I can already two responses being tapped out on the keyboards of armchair pastors and theologians everywhere so let me address those before moving on:

“Logan, don’t you realize that there are right and wrong opinions?”

Yes, I do, and I understand the need to be in unity on whether we can define what a woman is. I also understand the disjointedness that can occur within a local body if two of the pastors are in disagreement about issues such as this, but why jump straight to firing? If you’re a Senior Pastor and you feel that a staff pastor serving underneath has an unbiblical opinion that is harmful to the integrity of the church, why not treat them like a brother in Christ and try the Matthew 18 approach?

It’s probably Mike Stone doesn’t know how to treat brothers in Christ as such. That was evident after he lost the 2021 SBC presidential election and took his frustrations out on Russell Moore by filing a lawsuit against Moore by claiming that Moore had defamed his character thus costing him the election. Roughly two months later the lawsuit was withdrawn. According to The Tennesean,

Stone commented on the decision in statement that his attorney sent in an email.

“My attorneys have, at my request, moved to voluntarily withdraw the lawsuit I had filed against Russell Moore,” Stone said. “I believe that based on current circumstances the better path for my family, my church, and our convention at this time is to leave the matter in the hands of our Lord.”

Southern Baptist pastor Mike Stone drops lawsuit against Russell Moore

It’s not clear as to the exact reason that Stone dropped the lawsuit, but it probably didn’t help that the Religion News Service found a sermon preached by Mike Stone where he said,

Let’s say somebody defames your character with unfounded gossip. The legal thing to do and I’m not just talking about a lawsuit, I mean the understandable natural thing to do might be to defend your name. The godly thing might be let it go.

Mike Stone, Stop Airing Your Dirty Laundry, Part 1

The second objection I might hear is, “Logan, a large Baptist church and a corporation like Levi’s is not the same. This is apples and oranges.”

My point exactly. In his Facebook post, Mike Stone seemed to be throwing his power around in much the same way that a CEO of a certain blue jean manufacturer might. He seemed to be making threats just like a secularist politician who feels that their power and authority might have been questioned by some peon who works as a volunteer in their campaign headquarters.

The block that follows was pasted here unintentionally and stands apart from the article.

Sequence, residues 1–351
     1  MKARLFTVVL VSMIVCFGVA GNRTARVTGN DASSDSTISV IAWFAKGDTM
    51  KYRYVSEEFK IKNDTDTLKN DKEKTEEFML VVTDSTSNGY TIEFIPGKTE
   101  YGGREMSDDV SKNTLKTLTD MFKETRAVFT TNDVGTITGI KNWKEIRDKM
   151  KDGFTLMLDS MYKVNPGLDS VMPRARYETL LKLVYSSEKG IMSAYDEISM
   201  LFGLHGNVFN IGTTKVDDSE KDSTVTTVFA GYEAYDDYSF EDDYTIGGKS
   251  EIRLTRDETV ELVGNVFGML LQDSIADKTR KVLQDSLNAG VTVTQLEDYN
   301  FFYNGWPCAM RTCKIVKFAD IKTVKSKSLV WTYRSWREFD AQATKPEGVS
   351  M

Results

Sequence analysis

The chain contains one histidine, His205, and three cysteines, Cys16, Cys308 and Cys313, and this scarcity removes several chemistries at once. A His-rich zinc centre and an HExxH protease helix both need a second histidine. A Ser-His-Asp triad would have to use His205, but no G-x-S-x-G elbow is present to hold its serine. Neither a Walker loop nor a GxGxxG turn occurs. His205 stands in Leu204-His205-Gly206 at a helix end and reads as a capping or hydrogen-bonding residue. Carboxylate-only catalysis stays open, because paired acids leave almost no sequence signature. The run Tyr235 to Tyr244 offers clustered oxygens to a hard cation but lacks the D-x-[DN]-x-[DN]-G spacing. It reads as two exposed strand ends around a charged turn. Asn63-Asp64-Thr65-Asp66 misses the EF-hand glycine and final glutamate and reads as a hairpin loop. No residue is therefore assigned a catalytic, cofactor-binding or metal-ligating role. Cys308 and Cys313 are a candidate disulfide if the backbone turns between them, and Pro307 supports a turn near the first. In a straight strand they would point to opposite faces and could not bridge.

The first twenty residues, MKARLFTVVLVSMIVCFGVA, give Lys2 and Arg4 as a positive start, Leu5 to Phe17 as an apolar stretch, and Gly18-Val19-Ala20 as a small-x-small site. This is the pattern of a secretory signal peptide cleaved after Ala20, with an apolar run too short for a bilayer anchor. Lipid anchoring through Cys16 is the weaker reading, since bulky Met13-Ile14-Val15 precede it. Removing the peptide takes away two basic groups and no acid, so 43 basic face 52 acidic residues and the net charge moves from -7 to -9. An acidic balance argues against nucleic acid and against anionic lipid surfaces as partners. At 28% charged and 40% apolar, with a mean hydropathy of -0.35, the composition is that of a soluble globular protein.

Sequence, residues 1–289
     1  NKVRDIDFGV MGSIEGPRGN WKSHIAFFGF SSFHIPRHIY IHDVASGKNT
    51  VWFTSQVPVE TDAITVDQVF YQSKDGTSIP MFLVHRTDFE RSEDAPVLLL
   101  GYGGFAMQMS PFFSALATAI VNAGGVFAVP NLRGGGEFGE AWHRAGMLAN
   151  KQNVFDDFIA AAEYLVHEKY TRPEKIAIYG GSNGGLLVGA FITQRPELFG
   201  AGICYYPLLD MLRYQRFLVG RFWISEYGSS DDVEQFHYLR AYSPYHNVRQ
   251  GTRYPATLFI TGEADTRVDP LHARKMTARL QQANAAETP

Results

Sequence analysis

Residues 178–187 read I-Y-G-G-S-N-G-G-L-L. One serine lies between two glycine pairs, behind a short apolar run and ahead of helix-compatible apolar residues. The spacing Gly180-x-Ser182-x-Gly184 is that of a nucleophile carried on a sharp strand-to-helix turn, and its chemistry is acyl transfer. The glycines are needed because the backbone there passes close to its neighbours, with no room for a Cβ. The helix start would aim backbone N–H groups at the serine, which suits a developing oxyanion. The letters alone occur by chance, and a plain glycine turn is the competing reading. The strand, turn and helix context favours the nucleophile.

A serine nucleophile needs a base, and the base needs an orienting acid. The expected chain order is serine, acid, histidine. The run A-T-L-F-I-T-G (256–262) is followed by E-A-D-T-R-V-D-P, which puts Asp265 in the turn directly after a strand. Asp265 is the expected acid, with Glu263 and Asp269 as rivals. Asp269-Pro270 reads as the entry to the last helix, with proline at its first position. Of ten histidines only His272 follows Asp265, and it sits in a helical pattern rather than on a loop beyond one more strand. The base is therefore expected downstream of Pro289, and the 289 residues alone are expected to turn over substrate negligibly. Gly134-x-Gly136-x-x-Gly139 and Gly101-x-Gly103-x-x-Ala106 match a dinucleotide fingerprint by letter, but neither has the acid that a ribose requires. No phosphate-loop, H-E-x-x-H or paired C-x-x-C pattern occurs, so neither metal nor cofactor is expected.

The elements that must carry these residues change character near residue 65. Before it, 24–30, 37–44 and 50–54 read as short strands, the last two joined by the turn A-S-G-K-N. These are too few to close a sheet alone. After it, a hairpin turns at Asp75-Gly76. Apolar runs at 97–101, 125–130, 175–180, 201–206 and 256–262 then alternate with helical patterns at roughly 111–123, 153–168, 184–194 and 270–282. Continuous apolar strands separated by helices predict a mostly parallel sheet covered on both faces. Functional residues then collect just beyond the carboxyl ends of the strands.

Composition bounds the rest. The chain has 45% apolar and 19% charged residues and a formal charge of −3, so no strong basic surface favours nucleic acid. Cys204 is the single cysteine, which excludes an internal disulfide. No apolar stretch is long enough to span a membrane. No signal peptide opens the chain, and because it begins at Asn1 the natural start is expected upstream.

What Does This Say About Stone’s View of Grace?

I asked about Matthew 18 earlier, and I think that’s a legitimate question. Church discipline is meant to restore a fallen sinner to fellowship within the local body of Christ. Paul laid out the process of discipline in 1 Corinthians 5 when he addresses the issue of a man sleep with his stepmother.

It is actually reported that there is sexual immorality among you, and such sexual immorality as is not even named among the Gentiles—that a man has his father’s wife! … In the name of our Lord Jesus Christ, when you are gathered together, along with my spirit, with the power of our Lord Jesus Christ, deliver such a one to Satan for the destruction of the flesh, that his spirit may be saved in the day of the Lord Jesus.

1 Corinthians 5:1, 4-5, NKJV

Later in 2 Corinthians 2, Paul will instruct that man should be restored and forgiven showing that the church discipline had its intended affect.

But if anyone has caused grief, he has not grieved me, but all of you to some extent—not to be too severe. This punishment which was inflicted by the majority is sufficient for such a man, so that, on the contrary, you ought rather to forgive and comfort him, lest perhaps such a one be swallowed up with too much sorrow. Therefore I urge you to reaffirm your love to him.

2 Corinthians 2:5-8, NKJV

If Mike Stone is not willing to pastorally walk with someone who has a damaging opinion, then that means one of two things:

Having a damaging opinion is an unforgivable sin so heinous that it cannot even be repented of through church discipline.

OR

Mike Stone can’t be bothered with extending the grace of pastoral care and discipline to those who serve under him.